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Successful Northside Job Growth

October 17, 2009 Economy, Guest, Local Business, NorthSide Project, STL Region 4 Comments

The first phase of the Northside redevelopment project as proposed by Paul McKee is to focus on the “job centers” and mixed use areas. Numbers are being thrown around as to imply thousands of jobs will be created by this project. I wonder what measure will be used to declare the project a success with respect to jobs by those proposing the plan.

The project will require a lot of construction jobs, which is a fact. These are people that would not have been needed otherwise. The time frame of twenty years implies the jobs will be needed for an extended duration compared to most construction projects. Despite that scope and time frame, do construction jobs truly help grow the area? Even with such a long time frame the jobs are only temporary. It is unreasonable to assume that someone could graduate, make a career of the project, and retire when it is done. Based on retirement accounts requirements they would still have another twenty years of work.  Shouldn’t the expectation for jobs created be that the jobs are permanent? Yes,t his economy has shown that no job is truly permanent, But no matter the time frame  construction jobs are by nature temporary. The 40/64 concrete river project demonstrates that. When 40 is complete construction will continue in the region, but will all those workers stay in St Louis? I doubt it. Some of them will return when the new Mississippi bridge starts up in full. There will probably be projects after that, but I don’t want the fate of the region’s job growth to depend on never ending highway work.  Local restaurants can’t move around the region at will to follow the construction.  They need permanent customers to keep open.

Looking at the McKee track record for development makes me wary, too. He touts his Winghaven and NorthPark projects as examples of what he and his associates can accomplish. The two projects boast two of the regions larger employers in Express Scripts and MasterCard. Unfortunately both these employers were already in the region before they moved into their new offices.  More specifically, they were in the same city. Sorry, Maryland Heights, I hope you didn’t need those taxes. True, Express Scripts was threatening to leave the area and NorthPark help keep them here, along with some tax incentives. Also, MasterCard had outgrown its offices in Maryland Heights and needed new digs. But in the end, McKee merely helped keep jobs from leaving. Preventing negative growth is not the same thing as creating new growth. Who does McKee plan on luring into the north city for this new project? I doubt Edward Jones is going to give up all their brand new buildings along 270.  Do you think InBev is tired of the historic brewery yet?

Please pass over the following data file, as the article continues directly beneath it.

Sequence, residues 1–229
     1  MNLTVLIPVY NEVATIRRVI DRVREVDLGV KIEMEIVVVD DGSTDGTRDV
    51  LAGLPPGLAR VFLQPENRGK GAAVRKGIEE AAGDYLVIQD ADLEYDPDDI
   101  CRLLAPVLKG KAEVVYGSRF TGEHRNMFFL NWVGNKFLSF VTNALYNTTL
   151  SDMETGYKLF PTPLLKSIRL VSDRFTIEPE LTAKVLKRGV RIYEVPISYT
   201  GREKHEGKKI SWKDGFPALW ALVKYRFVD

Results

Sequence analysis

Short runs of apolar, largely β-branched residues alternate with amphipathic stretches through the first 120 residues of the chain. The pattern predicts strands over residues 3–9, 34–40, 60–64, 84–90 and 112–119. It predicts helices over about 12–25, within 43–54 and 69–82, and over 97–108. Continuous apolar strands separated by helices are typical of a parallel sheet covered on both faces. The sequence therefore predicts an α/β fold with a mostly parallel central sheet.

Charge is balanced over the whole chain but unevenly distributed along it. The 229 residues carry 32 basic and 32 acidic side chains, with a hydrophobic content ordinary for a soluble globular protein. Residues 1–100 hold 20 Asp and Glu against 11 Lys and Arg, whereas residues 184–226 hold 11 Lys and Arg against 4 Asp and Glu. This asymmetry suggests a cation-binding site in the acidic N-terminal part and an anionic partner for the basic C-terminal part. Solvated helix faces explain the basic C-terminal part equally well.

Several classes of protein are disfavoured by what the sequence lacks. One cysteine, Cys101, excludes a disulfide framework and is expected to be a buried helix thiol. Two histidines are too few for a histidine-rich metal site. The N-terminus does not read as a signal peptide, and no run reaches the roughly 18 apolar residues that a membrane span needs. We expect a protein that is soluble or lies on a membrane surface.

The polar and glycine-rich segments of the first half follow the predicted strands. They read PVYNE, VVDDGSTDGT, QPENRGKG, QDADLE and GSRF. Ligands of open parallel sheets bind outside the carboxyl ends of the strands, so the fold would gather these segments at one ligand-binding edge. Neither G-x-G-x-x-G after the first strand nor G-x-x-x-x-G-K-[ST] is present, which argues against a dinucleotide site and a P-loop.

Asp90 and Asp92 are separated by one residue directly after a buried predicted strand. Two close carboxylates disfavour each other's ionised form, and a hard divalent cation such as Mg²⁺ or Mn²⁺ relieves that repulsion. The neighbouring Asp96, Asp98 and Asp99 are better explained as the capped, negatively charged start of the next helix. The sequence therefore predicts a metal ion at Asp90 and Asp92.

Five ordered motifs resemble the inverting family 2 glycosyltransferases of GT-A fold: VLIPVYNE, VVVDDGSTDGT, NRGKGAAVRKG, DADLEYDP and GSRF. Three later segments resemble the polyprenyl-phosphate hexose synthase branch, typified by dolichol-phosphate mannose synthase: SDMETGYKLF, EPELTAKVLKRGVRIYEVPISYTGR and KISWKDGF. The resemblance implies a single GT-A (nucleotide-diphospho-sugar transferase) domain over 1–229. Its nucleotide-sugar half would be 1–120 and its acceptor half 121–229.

Additionally, there is the dilemma of existing projects already in work to compete with. Winghaven still has space available for development. NorthPark is basically a field with nice streets. Express Scripts isn’t even in the development, instead choosing to be south of I-70 next to UMSL. The old Ford Plant has been wiped out of existence and Hazelwood is dieing to get some tax base back on that land. The current economy has opened up business space in areas like Earth City and Westport. The occupancy rate downtown offices are not that great. And these are just some examples of places in the region vying for new jobs. What if the Northside development center gets all the new jobs in the coming years and every where else in the metro area remains stagnant?

Finally, the current economic conditions do not bode well for new jobs. Every region of the country is going to fight to keep what they have. Other cities are constantly offering huge incentives to attract growth. Just look at what it took to keep Express Scripts. What exactly does Paul McKee have to offer to convince a company to move to St Louis when it is hard to keep the ones already here? St Louis will be wrangling with every other city in the country for each new job. Not to imply it is a contest St Louis cannot win, but it won’t be as easy as some people are implying. The Lou is not the only place that will be offering new buildings and tax incentives in the coming years. That still leaves the possibility of start-ups as the source of new jobs. Might the next Google or Facebook start up in north St Louis? A future global company setting up roots in the new development could be the pinnacle of the project. Unfortunately, as many failed businessmen will tell you, there are more failures than success with new companies.